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It is recommended that weaning starts at around 6 months because your baby’s nutrient needs are changing and cannot be met from milk alone.

The amount of solid food babies will consume depends on how hungry they are, so try to react to your baby's appetite. Progress from offering solid food once a day, to 2, and then 3 times a day. Try to include different foods at each mealtime for extra variety.

Include foods from each of the following food groups:

  • Starchy carbohydrate – such as potatoes, yams, rice and bread
  • Protein – meat, fish, eggs, tofu and pulses such as beans and lentils
  • Fruit and vegetables

Once your baby has grown used to a variety of foods, solids can replace more of the milk feeds, but continue to offer a milk feed with each meal, aiming for a total of around 600ml per day.

After 6 months, pasteurised whole cow’s milk can be used, but only for mixing solid foods – you should continue with breast or formula milk for feeds in the first year. In addition, diluted fruit juice (one part juice to five parts water) or plain water can be introduced as a drink with meals.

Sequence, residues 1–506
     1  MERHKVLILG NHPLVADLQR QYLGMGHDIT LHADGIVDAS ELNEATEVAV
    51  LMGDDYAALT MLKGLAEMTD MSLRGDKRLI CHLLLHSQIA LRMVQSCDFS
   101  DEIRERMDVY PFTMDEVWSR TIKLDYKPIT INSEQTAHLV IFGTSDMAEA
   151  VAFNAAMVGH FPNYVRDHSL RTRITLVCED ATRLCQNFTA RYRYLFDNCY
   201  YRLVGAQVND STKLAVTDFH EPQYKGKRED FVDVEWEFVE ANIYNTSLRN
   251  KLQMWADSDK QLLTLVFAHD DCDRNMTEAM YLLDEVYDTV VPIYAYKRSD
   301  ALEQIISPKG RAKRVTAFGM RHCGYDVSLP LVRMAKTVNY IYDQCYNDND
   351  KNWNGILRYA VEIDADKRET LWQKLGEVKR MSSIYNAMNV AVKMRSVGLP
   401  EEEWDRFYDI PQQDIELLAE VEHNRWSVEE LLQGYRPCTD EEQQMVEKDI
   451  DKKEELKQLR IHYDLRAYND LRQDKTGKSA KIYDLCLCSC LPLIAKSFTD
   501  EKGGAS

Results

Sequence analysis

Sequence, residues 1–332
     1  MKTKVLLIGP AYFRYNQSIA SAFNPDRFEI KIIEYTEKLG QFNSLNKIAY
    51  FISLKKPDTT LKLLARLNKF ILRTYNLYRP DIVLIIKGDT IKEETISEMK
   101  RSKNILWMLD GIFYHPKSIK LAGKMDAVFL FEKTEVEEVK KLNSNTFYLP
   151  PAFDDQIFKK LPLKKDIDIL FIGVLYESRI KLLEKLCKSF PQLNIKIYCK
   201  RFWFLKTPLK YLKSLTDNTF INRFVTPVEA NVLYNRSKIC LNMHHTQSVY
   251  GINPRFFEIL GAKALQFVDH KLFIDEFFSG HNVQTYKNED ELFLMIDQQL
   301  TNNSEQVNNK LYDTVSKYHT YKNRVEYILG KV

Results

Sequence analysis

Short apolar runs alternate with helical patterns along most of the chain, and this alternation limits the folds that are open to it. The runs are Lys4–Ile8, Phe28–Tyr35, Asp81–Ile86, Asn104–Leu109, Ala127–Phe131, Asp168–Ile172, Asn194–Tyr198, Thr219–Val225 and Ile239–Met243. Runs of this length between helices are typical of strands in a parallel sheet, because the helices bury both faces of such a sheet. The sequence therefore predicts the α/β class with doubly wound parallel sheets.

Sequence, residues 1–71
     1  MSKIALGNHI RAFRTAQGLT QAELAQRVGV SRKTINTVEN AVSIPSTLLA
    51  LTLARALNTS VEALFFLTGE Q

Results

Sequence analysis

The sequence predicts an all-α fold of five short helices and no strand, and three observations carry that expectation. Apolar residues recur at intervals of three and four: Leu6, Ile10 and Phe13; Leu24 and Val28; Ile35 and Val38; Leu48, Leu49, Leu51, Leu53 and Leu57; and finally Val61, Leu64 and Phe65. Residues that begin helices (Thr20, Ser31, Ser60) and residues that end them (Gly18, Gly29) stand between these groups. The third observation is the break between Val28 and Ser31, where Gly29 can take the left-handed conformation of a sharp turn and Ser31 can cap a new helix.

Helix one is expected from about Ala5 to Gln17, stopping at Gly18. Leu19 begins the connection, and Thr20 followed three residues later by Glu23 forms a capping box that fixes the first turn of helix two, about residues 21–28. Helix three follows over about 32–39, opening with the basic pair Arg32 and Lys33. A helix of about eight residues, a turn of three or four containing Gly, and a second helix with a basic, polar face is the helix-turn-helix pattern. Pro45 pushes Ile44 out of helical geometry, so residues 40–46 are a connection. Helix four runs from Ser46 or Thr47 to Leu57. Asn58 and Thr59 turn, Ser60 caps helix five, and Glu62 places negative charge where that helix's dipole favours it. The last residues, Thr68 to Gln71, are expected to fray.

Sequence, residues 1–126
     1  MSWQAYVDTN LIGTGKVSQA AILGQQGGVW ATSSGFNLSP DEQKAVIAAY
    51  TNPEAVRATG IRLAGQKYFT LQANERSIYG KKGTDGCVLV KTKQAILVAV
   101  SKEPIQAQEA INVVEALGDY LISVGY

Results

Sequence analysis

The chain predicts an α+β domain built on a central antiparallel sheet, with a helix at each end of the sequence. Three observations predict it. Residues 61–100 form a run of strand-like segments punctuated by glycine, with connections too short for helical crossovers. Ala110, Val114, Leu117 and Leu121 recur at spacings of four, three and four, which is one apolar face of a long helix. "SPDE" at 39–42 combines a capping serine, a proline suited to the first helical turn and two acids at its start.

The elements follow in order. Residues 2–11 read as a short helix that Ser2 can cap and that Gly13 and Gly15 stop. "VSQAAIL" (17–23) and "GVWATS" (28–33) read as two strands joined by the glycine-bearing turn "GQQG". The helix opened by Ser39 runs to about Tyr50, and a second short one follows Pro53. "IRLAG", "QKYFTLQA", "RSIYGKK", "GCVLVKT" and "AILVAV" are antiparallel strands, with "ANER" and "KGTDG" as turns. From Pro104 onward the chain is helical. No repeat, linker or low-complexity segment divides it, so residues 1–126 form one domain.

Foods to try:

  • Wheat-based foods such as breads, pasta and cereals
  • Purees using cooked chicken or lentils
  • A wider variety of fruits and vegetables, including citrus fruits
  • Natural yoghurt and cottage cheese
  • Eggs (well cooked)

Once your baby can hold and handle things, it’s good to let them practice chewing and feeding themselves. It’s best to avoid sweet biscuits and rusks so that your baby doesn’t get into the habit of expecting sweet snacks.

Snack ideas to try:

  • Toast, pitta or chapatti fingers, bread sticks and rice cakes. Choose low-salt or salt-free versions whenever possible
  • Pieces of chopped fruit or vegetable sticks
  • Small cubes of cheese

From around 9 months

By now your baby should be learning to fit in with the family by eating three minced or chopped meals a day, as well as their usual milk. Each day, you can offer your baby:

  • 3-4 servings of starchy food, such as potato, bread and rice
  • 3-4 servings of fruit and vegetables
  • 2 servings of meat, fish, eggs, lentils and other pulses such as beans
  • Fruit and vegetable sticks as snacks in between meals

If your baby has started crawling and is on the move, you will need to increase the amount of food you give them. Babies have high energy needs but small stomachs, so they need to eat little and often, which means small meals and regular snacks in between.

For more information

Download the Department of Health’s policy on introducing solid foods by visiting their website

Visit the NHS Choices website for more information on weaning